The government of Sudan has come under sharp criticism in the U.S. Congress for human rights violations and what lawmakers call "scorched earth" policies in its western Darfur region. Sudan was the subject of a House International Relations Committee hearing on Thursday.
Lawmakers took the Sudanese government to task for what Republican Congressman Ed Royce calls a campaign of displacement and killing that "has the look of genocide."
Mr. Royce had this to say as the International Relations committee approved a resolution condemning the Sudanese government.
"The resolution states what we have heard - that the Sudanese government is using rape as a weapon of war, destroying food and water sources and systematically manipulating and denying humanitarian aid to the people of Darfur," he said. "More than one million Sudanese have been displaced. The Sudanese government has once again used allied militia to carry out a scorched-earth-policy as it did in southern Sudan.
Charles Snyder, Acting Assistant Secretary of State for African Affairs, says the United States is pressing Khartoum to allow unrestricted access for aid workers in Darfur.
He had this to say concerning reports of "ethnic cleansing".
"We will not only call this ethnic cleansing, we will insist that it be reversed," said Charles Snyder. "These people need to be put back on their land, and in this day and age ethnic cleansing cannot be allowed to stand in Africa or anywhere else, and that is our objective."
A picture of the humanitarian crisis in Darfur came from Roger Winter, of the U.S. Agency for International Development.
Saying Khartoum continues to make it difficult for humanitarian workers to obtain travel permits, Mr. Winter warns the death toll in Darfur could be in the hundreds of thousands.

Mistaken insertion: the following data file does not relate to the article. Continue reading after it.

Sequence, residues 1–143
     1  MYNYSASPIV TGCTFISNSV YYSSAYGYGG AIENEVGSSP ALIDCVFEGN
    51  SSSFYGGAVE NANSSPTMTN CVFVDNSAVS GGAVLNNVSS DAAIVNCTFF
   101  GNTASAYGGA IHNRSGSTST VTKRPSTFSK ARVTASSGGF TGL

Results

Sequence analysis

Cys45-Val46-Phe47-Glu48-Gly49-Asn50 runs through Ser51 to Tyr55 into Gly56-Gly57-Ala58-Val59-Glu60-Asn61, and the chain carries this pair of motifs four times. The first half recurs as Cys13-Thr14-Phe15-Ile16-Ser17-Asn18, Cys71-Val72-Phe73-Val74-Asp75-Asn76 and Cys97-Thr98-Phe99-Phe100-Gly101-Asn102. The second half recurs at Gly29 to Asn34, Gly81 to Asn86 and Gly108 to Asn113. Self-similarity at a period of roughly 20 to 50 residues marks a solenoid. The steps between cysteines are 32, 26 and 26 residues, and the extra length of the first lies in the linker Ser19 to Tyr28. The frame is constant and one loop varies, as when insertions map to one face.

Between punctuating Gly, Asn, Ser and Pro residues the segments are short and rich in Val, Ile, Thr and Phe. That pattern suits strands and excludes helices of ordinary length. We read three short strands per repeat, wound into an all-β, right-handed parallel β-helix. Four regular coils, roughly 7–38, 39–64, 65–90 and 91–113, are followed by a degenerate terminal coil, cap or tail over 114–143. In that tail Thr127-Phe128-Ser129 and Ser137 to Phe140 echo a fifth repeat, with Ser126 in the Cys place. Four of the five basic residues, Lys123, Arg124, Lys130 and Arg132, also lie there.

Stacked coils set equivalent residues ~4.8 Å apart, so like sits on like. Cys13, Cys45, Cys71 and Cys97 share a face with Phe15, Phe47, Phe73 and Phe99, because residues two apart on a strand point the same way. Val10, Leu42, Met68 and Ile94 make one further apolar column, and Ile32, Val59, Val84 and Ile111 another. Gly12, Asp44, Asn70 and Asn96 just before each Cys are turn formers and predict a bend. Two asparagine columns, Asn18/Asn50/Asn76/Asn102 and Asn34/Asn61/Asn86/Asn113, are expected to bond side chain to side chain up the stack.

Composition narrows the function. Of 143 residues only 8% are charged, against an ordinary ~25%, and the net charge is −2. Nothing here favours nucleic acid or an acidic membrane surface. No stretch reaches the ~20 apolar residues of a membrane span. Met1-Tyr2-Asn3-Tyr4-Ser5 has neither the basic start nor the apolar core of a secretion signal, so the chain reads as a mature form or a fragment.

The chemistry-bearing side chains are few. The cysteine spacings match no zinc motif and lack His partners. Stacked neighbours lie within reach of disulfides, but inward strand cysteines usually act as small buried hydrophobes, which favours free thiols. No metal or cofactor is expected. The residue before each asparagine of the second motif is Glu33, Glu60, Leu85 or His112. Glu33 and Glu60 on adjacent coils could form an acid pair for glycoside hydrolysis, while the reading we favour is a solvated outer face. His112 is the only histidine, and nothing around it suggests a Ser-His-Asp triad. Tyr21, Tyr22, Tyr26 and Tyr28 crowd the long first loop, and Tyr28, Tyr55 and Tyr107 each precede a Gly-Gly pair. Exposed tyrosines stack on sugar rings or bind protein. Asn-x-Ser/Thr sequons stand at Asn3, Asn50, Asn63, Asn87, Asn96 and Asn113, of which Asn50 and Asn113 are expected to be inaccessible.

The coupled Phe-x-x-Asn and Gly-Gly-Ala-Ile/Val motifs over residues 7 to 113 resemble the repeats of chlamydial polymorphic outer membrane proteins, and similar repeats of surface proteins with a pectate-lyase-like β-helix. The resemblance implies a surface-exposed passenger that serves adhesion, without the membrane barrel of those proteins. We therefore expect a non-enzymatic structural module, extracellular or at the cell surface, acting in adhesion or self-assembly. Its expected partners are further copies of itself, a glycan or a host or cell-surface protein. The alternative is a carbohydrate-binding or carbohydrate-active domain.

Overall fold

"We think more than 100,000 people will die no matter what, at this point," he said. "But what this chart produced by our experts actually shows is under the crude mortality rate, a figure which is closer to 350,000."
In testimony, John Prendergast of the International Crisis Group says the most urgent need now is to prevent famine.
"Rather than just waiting to see if access is granted and all these permits are going to be approved, we need to do much more assertive planning now, in cooperation with the [U.N.] Secretary General, given that he has stated that military intervention is on the table [being considered]," said John Prendergast. "We need to look at alternative access modalities. We need to be talking to Libya, we need to talk to Chad and of course Paris behind them, and look at cross-border operations even through southern Sudan, to get food and other assistance into these populations. And we need to put on the table military intervention options. Business as usual just isn't going to get the job done."
A similar resolution condemning the Khartoum government was introduced in the Senate.
Comparing the situation in Darfur to genocide in Rwanda, Republican Senator John McCain said military intervention should not be ruled out.
"We must examine whether and what size international contingent it would take to stop this disaster," he said. "If troops are required, we should figure out how to get troops, possibly African troops, on the ground. If we need financial and logistical support, the United States and others should provide it."
The Senate's top Republican, Bill Frist added.
"The atrocities that are going on in Sudan now must be condemned and the Senate is speaking loudly," said Bill Frist.
Secretary of State Colin Powell has said international pressure, rather than military intervention, is required to persuade the Sudanese government to stop attacks in Darfur by the Janjaweeds, an Arab militia backed by Khartoum.
The United States has told Khartoum that without a resolution of the situation in Darfur, normalization of relations with Washington, in the context of a final agreement to end the long-running civil war in southern Sudan with the Sudan People's Liberation Army (SPLA), will not occur.